As I arrive at Johanna Janik’s personal training studio in Marratxi (just out of Palma) she’s at the door welcoming me with double high fives. This woman is radiating vitality and I immediately feel my own energy levels rise in her presence. I have come to see Johanna for a personal training session as a kick-start after several months of zero deliberate exercise and general laziness (otherwise known as summer). First impressions tell me I have picked the right person to sort me out!
When Bobbie Bixler first set foot in a Reformer Pilates studio in Auckland, New Zealand in 1999 she was very close to turning on her heels and walking straight back out. The studio was swarming with graceful ballet dancers, who were using Pilates practice to further hone their lithe, agile physiques. They presented quite an intimidating welcoming.
Not as commonplace as it is now, Pilates hadn’t quite hit the mainstream back then, however Bobbie stuck to her guns, completed the class and never looked back. She quickly became hooked on Pilates, specifically the reformer machine, and the way her body felt from regular practice. It was the perfect antidote to a physically challenging career working on super yachts.
I like yoga, and I like SUP boarding (Stand-Up Paddle boarding if you don’t know the lingo). Why should they be mutually exclusive activities? Because images of me toppling face first into the Mediterranean Ocean tell me they should. However, I’m all for a challenge so when a friend told me her fantastic yoga teachers had branched out and jumped on-board (pun intended) the yoga SUP craze for the summer I was willing to give it a good go.
Overnight walk from Palma to Lluc Monastery. Every year, overnight in August, the country roads leading from the capital Palma to Lluc are transformed and the cars replaced by thousands of people walking to the monastery. Even those who manage to keep up a good pace will take about 11 hours to reach Lluc monastery, which is 50km away (8 -13hours).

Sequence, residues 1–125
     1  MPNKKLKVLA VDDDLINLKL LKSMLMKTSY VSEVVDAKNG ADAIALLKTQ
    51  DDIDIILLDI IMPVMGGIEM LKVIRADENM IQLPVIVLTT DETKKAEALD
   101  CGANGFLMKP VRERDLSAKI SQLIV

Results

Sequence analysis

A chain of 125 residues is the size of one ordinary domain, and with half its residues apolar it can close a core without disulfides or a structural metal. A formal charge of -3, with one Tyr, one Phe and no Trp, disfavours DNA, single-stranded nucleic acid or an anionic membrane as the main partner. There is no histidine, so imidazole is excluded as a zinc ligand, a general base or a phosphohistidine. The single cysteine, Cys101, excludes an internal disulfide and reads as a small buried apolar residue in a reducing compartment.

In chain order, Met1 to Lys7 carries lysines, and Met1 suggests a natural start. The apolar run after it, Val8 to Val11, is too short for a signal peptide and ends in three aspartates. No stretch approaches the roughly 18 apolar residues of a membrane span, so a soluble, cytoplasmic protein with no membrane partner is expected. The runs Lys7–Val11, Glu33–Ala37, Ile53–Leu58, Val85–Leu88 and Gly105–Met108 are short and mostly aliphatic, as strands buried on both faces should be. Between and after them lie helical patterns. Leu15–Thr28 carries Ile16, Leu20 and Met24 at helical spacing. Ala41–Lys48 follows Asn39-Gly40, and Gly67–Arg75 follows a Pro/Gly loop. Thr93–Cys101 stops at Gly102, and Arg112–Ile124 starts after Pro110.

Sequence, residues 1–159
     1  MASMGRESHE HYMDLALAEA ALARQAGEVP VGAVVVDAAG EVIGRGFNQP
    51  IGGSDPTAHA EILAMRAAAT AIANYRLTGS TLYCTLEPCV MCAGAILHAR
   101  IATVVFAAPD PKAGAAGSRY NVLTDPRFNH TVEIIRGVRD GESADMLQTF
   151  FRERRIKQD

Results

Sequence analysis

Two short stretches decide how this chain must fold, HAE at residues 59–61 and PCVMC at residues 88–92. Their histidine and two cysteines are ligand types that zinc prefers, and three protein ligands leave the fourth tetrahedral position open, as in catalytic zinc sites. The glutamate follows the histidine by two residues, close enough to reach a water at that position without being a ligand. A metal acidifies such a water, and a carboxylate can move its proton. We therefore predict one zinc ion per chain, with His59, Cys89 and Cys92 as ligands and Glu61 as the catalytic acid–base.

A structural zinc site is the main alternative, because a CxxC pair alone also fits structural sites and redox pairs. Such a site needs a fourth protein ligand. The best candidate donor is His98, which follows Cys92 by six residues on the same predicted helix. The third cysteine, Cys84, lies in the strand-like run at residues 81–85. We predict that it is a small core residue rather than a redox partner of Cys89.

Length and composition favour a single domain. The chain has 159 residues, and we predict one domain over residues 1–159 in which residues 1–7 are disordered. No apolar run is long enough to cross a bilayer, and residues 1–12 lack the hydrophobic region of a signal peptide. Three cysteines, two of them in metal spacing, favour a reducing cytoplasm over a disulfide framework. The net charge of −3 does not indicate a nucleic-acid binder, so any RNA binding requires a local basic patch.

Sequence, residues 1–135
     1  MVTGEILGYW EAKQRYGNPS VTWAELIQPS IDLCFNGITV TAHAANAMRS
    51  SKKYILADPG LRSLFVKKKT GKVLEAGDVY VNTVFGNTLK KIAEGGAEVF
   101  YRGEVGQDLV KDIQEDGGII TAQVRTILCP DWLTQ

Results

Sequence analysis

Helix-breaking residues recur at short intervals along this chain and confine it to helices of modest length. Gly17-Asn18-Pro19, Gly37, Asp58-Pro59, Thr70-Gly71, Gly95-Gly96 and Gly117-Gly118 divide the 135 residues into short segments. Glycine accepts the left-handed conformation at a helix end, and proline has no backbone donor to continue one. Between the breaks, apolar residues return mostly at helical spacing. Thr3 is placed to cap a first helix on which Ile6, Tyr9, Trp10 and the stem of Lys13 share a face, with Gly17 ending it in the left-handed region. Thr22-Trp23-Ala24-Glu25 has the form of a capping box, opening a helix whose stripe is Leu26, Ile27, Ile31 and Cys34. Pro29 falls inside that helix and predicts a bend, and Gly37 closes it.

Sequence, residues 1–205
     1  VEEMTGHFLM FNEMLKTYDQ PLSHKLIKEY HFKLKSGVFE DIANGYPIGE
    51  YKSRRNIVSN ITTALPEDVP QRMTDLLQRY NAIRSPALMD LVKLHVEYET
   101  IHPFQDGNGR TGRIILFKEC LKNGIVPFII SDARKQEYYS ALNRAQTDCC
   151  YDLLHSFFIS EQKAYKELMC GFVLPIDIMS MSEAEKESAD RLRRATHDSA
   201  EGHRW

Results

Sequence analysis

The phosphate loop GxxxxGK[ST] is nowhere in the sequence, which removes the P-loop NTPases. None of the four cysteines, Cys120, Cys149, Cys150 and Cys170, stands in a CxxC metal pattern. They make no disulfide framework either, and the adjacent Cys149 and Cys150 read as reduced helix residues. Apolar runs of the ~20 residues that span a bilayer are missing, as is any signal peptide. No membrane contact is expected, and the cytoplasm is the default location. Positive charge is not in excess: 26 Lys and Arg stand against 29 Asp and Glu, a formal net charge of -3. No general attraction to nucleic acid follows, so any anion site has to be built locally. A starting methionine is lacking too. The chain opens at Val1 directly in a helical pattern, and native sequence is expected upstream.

The distance travelled is approximately 12km, which requires some physical preparation and skill in the handling of the canoe. There is the option of doing the Sant Elm to Puerto de Dragonera route (5 km) for the uninitiated.
Being a non-competitive test, the start will last 20 minutes from the moment the horn sounds to start the race. Once that time has passed, no paddler can join Sa Volta. Continue Reading…
Would you believe when I was younger I had an issue with savasana? It seems reprehensible I know, but I would honestly dread this ‘relaxation time’ at the end of yoga because it meant I had to try and pack up my things and duck out to the car without drawing attention to myself. I tried to lie through the ‘corpse pose’ time and time again but it made me feel physically ill. I’m serious. Nausea and headaches. My mother was convinced it was my “toxins getting a good stir up” from the yoga practice. I decided yoga just wasn’t ‘physical’ enough for me and threw myself into the much sweatier pursuits of boxing, netball, and gym sessions.
I first heard the term ‘functional movement’ over ten years ago while interning at a health retreat in Australia’s Gold Coast hinterland. Every morning the guests at the retreat would sit down to a health seminar on various aspects of optimal living, and ‘functional movement’ had a whole session devoted to it so I figured it must be a key concept I should pay attention to, and rightly so!
6Points Mallorca starts and ends at Caló d’en Pellicer, the small beach in Santa Ponsa, and travels to the extremities of the four compass points of Mallorca (north – Cap Formentor, south – Cap de Ses Salines, west – St Elm and east – Cala Ratjada) and to the highest (Puig Major) and lowest points (Santa Ponsa beach) on tarred roads in three days, covering over 400km and climbing over 7500m. Continue Reading…